May Day Weekend – Irton Pike   8 comments

Something a little more relaxed and easy paced after the exertions of the previous day in the high mountains. Irton Pike was a popular spot a couple of years ago so we decided to repeat that – after another leisurely morning of indecision.

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The walk across the pastures at Flass is one of my favourite spots.

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The view across the huge green meadow studded with trees is wonderful.

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Another bright and dry day albeit with less sunshine than the previous day.

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Latterbarrow Crag always looks impressive but its on private land with plenty of warning signs to keep out. One day I’ll trespass up there….

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After the steep climb to Irton Fell we bade farewell to keener members of the group off to Illgill Head and Mitredale while we tured and headed down down the ridge towards Irton Pike.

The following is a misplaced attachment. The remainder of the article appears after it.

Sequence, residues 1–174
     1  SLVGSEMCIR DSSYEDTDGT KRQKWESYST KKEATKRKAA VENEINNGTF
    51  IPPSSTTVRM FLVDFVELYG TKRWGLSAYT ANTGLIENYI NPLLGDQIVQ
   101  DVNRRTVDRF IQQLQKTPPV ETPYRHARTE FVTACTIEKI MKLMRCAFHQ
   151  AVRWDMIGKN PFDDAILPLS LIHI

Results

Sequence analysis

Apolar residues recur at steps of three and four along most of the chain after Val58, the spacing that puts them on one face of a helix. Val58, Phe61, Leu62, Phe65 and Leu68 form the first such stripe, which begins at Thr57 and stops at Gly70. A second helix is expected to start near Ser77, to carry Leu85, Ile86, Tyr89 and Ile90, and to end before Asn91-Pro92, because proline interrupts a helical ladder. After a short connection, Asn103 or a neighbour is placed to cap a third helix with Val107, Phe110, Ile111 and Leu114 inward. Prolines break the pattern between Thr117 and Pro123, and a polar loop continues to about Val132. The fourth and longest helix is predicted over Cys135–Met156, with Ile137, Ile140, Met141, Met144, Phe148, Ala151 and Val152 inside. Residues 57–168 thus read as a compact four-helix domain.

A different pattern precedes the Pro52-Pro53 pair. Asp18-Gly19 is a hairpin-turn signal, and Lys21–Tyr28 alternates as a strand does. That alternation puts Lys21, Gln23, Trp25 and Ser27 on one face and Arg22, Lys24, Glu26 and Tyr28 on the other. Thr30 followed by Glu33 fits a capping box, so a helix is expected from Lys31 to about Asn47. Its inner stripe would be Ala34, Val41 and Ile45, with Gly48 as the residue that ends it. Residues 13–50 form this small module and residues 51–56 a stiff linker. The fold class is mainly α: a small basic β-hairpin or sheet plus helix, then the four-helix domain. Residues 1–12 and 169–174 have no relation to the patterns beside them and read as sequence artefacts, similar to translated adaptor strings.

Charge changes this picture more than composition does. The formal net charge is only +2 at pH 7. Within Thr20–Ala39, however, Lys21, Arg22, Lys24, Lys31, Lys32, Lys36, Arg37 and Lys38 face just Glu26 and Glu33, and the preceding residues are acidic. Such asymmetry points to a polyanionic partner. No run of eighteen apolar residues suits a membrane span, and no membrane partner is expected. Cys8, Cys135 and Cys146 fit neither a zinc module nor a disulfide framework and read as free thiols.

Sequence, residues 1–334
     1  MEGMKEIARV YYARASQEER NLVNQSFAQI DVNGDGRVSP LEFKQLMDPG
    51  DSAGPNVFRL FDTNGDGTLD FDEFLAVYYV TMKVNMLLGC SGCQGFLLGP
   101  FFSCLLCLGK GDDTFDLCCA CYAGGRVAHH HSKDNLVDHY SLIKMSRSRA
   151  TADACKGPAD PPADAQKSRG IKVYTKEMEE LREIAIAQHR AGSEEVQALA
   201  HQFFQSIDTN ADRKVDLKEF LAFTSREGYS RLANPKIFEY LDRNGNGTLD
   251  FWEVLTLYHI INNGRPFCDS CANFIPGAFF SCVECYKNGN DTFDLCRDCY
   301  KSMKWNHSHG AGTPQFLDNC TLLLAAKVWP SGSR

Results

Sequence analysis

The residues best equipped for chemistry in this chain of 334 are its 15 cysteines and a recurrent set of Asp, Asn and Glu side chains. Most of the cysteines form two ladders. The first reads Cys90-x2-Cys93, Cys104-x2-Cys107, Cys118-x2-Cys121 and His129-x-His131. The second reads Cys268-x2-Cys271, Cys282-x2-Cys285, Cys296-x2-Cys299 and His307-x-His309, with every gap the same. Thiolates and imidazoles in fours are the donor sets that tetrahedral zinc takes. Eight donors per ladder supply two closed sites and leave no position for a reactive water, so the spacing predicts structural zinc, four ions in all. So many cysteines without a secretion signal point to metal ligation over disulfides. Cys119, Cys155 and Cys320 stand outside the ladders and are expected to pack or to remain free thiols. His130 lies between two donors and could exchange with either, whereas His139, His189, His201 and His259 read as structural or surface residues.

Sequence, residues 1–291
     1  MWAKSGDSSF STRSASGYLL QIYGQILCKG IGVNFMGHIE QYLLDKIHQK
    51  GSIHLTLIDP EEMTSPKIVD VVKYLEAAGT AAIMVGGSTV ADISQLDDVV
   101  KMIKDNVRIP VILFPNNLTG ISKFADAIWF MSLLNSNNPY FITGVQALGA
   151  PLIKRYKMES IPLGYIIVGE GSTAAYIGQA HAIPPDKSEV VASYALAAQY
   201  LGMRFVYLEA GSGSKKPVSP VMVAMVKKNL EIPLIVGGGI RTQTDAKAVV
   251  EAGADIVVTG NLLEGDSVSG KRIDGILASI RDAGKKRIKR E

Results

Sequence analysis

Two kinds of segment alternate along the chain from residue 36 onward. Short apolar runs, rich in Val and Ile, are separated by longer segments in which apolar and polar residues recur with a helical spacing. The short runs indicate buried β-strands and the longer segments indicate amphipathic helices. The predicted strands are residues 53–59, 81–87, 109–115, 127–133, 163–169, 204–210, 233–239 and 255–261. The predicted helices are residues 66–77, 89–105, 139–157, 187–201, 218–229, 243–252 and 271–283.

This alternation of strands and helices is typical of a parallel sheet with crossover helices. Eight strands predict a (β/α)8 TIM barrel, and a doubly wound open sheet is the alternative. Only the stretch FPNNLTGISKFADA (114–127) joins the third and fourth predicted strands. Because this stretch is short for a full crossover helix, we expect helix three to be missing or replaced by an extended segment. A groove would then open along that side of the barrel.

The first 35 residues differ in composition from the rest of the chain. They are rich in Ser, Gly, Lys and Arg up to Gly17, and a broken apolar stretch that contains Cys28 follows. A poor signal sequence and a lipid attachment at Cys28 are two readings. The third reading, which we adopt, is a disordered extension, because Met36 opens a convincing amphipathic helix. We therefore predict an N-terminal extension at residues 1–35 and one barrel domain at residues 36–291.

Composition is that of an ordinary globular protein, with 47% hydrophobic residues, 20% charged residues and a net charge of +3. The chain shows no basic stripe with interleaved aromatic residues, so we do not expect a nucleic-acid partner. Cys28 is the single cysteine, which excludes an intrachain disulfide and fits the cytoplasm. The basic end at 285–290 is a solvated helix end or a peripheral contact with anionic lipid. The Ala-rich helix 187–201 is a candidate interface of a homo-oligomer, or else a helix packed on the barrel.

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Its a very impressive, small, rocky and steep sided peak with expansive views out to the coast.

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As is our want we stopped for a long while for brews, lunch and in some cases a snooze.

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We took a long way back via the pub in Santon Bridge for a cheeky pint and back along the River Irt although I don’t seem to have taken any photos after Irton Pike. Trust me it was fine walk, beer and evening back at the campsite with more camp fire fun.

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May Day Weekend – Lingmell   14 comments

Most of our happy band had arrived and we woke to a glorious morning of clear blue skies. Warm enough – just – to cook breakfast outside. What could be better.

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After quite a momentous amount of faffing about we were ready to head to hills. We agreed that a repeat of the walk up into the Scafell range by following the path along Piers Gill was in order. Most of the gang had done this last year when we missed the weekend and I’ve never done that route. No-one seemed to mind doing it again.